Jewellers Carlo and Franklin Adler connect East and West
From the majestic buildings of Vienna to the warm curves of Istanbul and back, the Adlers, now world-renowned jewellers, have built bridges between East and West. They ultimately settled in Geneva to conceive creations born from this unusual fusion of cultures. Brothers Carlo and Franklin Adler have run their business from the city of Calvin and Rousseau for almost forty years, but their fame is definitely global. Swiss Style met the two brothers and came back with quite a special tale.
A gift horse
The fame and fortune of the Adlers begins in that unabashedly adventurous age of steam and sepia photographs. “Our great-grandfather was on his way to New York,” Franklin begins, leaning back comfortably. “He left his little hamlet in the Austro-Hungarian Empire and headed to Istanbul to board a ship to the United States.” But his ship came in a different way. On the Bosporus he found a job and stayed. The story does have a touch of Hollywood that the Adlers clearly relish, because as it turns out, their great-grandfather was in fact a horse-whisperer. One day, one of the Sultan’s favourite horses was unwell. Great-grandfather was invited to have a look at it, he found a cure and got a job in the stables of the Sultan. “Call it destiny, call it chance, call it whatever you want,” says Carlo with a shrug of wonder. “The fact that our family spent one hundred years in Istanbul was an accident,” he adds.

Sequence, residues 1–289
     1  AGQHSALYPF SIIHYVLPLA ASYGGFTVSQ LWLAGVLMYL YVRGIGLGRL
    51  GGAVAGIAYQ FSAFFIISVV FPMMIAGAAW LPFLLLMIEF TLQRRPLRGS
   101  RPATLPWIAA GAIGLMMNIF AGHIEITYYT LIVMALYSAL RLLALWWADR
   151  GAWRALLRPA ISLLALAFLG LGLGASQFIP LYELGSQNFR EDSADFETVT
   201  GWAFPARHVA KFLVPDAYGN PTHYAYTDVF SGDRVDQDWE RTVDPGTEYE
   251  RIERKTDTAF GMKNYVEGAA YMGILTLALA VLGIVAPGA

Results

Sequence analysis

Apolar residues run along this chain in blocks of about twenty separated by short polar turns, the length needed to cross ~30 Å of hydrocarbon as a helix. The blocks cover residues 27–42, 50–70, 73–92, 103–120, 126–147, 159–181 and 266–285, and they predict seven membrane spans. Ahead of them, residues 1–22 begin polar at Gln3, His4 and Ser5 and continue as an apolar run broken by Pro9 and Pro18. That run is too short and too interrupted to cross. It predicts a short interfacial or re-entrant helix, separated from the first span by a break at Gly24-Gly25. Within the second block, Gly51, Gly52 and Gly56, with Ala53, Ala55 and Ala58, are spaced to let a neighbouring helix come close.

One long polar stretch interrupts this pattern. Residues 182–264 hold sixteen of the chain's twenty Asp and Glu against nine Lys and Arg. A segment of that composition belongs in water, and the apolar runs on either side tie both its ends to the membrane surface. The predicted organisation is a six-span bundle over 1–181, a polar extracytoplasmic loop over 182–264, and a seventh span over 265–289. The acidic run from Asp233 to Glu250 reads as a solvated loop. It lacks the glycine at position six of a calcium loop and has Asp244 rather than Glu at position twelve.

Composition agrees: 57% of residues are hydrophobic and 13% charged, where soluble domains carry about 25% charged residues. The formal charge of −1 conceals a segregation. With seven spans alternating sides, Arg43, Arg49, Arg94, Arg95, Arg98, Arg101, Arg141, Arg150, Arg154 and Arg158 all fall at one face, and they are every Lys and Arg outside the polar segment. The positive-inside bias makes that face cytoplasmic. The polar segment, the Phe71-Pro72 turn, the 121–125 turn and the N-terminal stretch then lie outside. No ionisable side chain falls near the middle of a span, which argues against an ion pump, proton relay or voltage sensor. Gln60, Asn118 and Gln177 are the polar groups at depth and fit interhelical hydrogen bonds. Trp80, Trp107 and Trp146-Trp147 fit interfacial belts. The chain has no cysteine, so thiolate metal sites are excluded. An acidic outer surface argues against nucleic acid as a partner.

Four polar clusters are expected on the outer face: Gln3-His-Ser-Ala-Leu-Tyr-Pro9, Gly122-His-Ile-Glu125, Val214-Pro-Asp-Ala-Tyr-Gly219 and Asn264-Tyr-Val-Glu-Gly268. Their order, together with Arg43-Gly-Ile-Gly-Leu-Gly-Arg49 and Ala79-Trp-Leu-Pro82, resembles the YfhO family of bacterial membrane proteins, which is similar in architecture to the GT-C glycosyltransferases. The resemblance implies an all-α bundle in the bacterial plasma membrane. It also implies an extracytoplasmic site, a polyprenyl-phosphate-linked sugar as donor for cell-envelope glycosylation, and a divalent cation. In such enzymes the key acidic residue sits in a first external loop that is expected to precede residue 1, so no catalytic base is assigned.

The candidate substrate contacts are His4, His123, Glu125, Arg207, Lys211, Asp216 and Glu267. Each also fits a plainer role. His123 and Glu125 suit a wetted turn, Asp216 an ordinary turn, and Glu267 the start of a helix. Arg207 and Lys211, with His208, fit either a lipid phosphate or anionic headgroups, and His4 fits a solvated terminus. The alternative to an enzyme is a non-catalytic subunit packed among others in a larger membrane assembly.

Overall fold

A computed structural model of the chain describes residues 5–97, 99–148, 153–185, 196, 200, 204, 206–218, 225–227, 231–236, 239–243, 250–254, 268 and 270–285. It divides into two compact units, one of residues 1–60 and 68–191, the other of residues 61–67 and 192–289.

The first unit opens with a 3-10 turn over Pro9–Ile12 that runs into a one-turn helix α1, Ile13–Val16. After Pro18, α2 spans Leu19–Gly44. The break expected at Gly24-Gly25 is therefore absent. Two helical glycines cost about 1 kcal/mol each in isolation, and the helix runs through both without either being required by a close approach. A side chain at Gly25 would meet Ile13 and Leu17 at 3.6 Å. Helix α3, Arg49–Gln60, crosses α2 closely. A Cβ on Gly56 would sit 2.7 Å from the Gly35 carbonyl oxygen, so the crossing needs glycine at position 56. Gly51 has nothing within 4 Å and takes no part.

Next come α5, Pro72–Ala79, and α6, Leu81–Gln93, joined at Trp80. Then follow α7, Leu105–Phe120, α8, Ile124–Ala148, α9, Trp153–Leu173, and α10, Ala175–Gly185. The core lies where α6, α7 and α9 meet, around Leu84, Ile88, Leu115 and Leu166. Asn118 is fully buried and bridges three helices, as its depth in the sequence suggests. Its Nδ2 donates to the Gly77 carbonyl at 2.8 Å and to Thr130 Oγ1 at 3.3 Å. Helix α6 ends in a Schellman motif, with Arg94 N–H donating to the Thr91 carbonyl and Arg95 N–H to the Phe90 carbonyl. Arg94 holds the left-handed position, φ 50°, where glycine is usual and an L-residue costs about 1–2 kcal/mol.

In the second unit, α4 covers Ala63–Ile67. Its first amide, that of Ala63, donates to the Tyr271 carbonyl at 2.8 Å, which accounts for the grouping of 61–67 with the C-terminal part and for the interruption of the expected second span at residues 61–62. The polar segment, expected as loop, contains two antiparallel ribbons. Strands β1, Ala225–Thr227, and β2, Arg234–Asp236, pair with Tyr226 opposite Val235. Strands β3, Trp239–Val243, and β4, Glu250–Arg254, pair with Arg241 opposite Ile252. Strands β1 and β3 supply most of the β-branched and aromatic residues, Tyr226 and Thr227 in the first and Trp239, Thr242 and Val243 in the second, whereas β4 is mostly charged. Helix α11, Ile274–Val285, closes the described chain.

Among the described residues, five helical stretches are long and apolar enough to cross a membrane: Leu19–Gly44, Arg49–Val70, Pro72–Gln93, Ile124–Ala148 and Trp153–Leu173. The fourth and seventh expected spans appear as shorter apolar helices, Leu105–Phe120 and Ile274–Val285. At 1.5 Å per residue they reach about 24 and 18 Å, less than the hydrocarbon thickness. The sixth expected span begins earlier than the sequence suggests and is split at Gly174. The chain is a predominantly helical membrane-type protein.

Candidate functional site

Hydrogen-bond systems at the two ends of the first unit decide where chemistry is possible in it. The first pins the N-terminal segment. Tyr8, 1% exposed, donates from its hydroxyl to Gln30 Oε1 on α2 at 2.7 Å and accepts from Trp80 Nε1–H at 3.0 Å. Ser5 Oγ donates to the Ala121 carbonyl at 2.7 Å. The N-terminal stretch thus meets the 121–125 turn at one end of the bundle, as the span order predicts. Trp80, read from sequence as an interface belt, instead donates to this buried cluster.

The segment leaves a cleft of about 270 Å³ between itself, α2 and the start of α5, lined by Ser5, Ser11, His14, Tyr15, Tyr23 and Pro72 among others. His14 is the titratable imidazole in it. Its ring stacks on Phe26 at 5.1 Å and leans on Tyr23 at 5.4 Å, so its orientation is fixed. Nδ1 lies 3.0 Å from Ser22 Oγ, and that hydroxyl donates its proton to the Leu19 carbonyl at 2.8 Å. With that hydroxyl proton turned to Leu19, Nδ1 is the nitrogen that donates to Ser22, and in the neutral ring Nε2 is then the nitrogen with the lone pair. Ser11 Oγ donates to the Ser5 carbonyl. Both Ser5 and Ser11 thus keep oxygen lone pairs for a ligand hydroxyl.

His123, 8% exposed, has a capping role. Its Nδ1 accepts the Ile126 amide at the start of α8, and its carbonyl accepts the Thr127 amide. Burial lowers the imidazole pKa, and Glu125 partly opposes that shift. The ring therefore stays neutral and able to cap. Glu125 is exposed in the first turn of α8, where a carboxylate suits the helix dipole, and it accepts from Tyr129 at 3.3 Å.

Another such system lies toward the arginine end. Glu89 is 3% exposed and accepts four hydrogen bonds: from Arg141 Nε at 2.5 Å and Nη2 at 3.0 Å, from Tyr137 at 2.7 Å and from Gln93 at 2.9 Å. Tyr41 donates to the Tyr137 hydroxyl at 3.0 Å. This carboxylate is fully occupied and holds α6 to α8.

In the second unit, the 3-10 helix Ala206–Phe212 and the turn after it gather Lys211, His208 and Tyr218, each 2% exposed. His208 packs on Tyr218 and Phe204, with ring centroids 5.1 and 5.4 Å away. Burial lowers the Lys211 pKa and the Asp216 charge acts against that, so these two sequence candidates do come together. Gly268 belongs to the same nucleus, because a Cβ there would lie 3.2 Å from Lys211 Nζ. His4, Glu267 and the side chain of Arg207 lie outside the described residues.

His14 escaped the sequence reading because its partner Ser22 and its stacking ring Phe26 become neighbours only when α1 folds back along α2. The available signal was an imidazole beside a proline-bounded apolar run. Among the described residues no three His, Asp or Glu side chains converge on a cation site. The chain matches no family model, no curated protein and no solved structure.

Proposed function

Once he settled down at the Sultan’s court, great grandfather sent his son Jacques to Vienna to become an apprentice in a big jewellery firm, where he stayed until he earned his spurs as master of the craft. The choice was a fortunate one, it was the 1880s and at the time, Vienna was enjoying a great boom on all fronts. “It was the place! Think about the city’s intellectual production in architecture, psychiatry, arts… Everything was in Vienna: it was the centre of Europe!” Carlo and Franklin are both enthusiastic. Returning back to the capital of the Ottoman Empire, Jacques opened an atelier in the heart of the goldsmiths’ quarter. “He had quite a baggage of skills, which amalgamated with a rich cultural experience,” Carlo proudly explains. “He had both the strict techniques learned in Vienna that were now tempered by the sensuality and warmth of the Orient.”